Continuing on the general subject of point of view (POV) and “show, don’t tell,” let’s talk a bit about drawing conclusions. This, like lapses in POV, often shows up in dialog attribution, often in the form of the dreaded adverb:

“My sword isn’t magical anymore,” Galen said sadly.

This tells us Galen is sad about the state of his sword. Information has been conveyed. But as author Chuck Palahniuk pointed out in his essay “ ‘Thought’ Verbs,” “Thinking is abstract. Knowing and believing are intangible. Your story will always be stronger if you just show the physical actions and details of your characters and allow your reader to do the thinking and knowing. And loving and hating.” So then…

With a tear in his eye Galen muttered, “My sword isn’t magical anymore.”

…starts to show him being sad. If the scene is in another character’s POV, maybe that character can start to draw conclusions:

With a tear in his eye Galen muttered, “My sword isn’t magical anymore.”

Bronwyn had never seen him look so sad.

Now it’s clear that Galen’s sadness is being conveyed by Bronwyn’s experience of him in that moment. Is she right? Is that how he feels? The truth is your characters might not even know what they’re thinking in a particular moment, or have the desire or sense of urgency to draw some concrete conclusion. In “The Spirit of History” Ted Pinkard draws some conclusions about Hegel’s not thinking we necessarily draw conclusions:

No one ever conceived of a more sophisticated and dynamic philosophical history than Hegel. His system is built around three fundamental ideas. First, the key to human agency is self-consciousness. For people to be doing anything in any real human sense is to know what we are doing as we do it. This applies even when we are not explicitly thinking about what we are doing. Here’s a simple example: as you are reading this, suppose you get a text message from a friend: ‘What are you doing?’ You immediately reply: ‘I’m reading a piece on Hegel.’ You knew what you were doing without having to have a separate act of thinking about it or drawing conclusions. Without any further thought, you knew that you were not skydiving, taking a bath, gardening or doing the crossword. You didn’t look around and infer from the evidence. You didn’t need any particular introspection. In fact, in Hegelian terms, when you are doing something and you do not know at all what you are doing, you’re not really doing anything at all. Instead, stuff is just happening. To be sure, sometimes we are only vaguely aware of what we are doing. However, even our often more distanced reflective self-consciousness is itself only a further realisation of the deeper and distinctly Hegelian self-relation: all consciousness is self-consciousness.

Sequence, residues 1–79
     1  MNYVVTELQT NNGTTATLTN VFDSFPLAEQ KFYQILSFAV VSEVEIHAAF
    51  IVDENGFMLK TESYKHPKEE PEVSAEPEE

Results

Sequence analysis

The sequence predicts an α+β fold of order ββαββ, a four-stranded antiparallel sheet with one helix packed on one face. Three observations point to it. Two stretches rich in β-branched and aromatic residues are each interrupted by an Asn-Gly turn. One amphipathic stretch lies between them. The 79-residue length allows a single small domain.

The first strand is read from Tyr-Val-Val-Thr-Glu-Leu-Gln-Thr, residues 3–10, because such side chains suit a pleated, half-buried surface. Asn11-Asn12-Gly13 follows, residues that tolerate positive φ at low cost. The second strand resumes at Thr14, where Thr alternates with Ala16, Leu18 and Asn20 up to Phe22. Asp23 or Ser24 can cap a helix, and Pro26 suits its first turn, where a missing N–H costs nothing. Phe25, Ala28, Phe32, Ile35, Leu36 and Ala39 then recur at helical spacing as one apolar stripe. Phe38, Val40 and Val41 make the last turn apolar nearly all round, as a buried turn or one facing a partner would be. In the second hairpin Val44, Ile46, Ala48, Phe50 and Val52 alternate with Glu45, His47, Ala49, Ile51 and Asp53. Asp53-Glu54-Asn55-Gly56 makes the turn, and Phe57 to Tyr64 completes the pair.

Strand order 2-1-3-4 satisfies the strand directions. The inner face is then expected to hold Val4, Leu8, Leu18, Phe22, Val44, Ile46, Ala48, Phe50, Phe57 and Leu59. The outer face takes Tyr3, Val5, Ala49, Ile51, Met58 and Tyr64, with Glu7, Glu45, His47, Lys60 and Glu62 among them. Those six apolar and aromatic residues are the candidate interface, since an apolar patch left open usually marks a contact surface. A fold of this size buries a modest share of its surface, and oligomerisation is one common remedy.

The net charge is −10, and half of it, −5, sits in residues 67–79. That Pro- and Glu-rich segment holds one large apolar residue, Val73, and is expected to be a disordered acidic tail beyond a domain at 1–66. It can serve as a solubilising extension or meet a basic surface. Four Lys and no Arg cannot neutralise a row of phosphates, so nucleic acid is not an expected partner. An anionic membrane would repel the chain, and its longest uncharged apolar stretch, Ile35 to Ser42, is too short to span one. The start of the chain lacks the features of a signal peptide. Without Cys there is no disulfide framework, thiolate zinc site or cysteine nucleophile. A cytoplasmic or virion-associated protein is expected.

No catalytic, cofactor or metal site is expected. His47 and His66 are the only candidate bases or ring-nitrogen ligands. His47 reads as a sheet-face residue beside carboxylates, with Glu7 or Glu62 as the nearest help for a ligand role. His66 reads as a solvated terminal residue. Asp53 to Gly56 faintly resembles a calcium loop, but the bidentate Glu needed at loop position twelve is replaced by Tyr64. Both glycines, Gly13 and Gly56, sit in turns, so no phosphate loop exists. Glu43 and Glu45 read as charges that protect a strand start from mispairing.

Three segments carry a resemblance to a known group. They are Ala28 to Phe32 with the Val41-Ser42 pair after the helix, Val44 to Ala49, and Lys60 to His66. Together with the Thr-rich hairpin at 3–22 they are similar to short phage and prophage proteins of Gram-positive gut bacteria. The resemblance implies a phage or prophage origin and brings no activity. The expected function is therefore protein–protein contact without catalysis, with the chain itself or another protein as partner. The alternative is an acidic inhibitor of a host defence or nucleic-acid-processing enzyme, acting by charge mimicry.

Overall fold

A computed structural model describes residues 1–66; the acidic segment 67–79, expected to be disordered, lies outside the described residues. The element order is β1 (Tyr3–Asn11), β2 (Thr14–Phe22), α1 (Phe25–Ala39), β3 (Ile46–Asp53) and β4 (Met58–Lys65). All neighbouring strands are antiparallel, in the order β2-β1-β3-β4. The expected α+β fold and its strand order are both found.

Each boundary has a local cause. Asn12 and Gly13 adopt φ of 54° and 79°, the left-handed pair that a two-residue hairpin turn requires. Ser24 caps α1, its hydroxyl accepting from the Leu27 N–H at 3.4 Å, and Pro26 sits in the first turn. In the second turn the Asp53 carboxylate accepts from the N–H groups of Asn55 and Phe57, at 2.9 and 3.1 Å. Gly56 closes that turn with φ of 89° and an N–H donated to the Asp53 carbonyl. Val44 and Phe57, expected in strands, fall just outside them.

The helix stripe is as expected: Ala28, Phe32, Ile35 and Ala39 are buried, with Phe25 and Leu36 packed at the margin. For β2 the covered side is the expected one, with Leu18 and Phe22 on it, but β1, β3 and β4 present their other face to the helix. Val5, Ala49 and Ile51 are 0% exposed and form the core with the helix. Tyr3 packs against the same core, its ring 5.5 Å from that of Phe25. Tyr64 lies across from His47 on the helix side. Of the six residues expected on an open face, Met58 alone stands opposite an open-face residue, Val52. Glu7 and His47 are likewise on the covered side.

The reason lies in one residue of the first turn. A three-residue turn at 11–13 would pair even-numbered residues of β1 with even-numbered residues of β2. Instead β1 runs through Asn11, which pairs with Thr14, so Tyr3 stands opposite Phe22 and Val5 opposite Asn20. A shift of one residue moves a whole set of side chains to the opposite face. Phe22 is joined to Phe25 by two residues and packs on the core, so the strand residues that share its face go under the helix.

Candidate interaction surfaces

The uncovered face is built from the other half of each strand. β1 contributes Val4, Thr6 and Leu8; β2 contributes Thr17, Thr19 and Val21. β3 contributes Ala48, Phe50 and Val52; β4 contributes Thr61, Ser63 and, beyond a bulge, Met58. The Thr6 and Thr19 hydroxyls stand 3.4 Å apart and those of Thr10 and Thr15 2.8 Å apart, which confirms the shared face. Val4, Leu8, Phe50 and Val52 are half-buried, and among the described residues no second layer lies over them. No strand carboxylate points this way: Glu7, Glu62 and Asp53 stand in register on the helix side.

What if Galen has no idea he’s as “sad” as he looks, and Bronwyn can’t really know just by what she sees (the description of Galen in her POV) that he’s “sad,” per se? Sure, you, as the author, may know exactly what Galen is feeling, but your job is to show that to your readers through the experience of your POV characters. If you do that well, readers will pick up on it and be sad along with them.

Always remember that reading is itself a creative act. Let your readers bring themselves into your work!

—Philip Athans

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In Writing Monsters, best-selling author Philip Athans uses classic examples from books, films, and the world around us to explore what makes monsters memorable—and terrifying.

You’ll learn what monsters can (and should) represent in your story and how to create monsters from the ground up.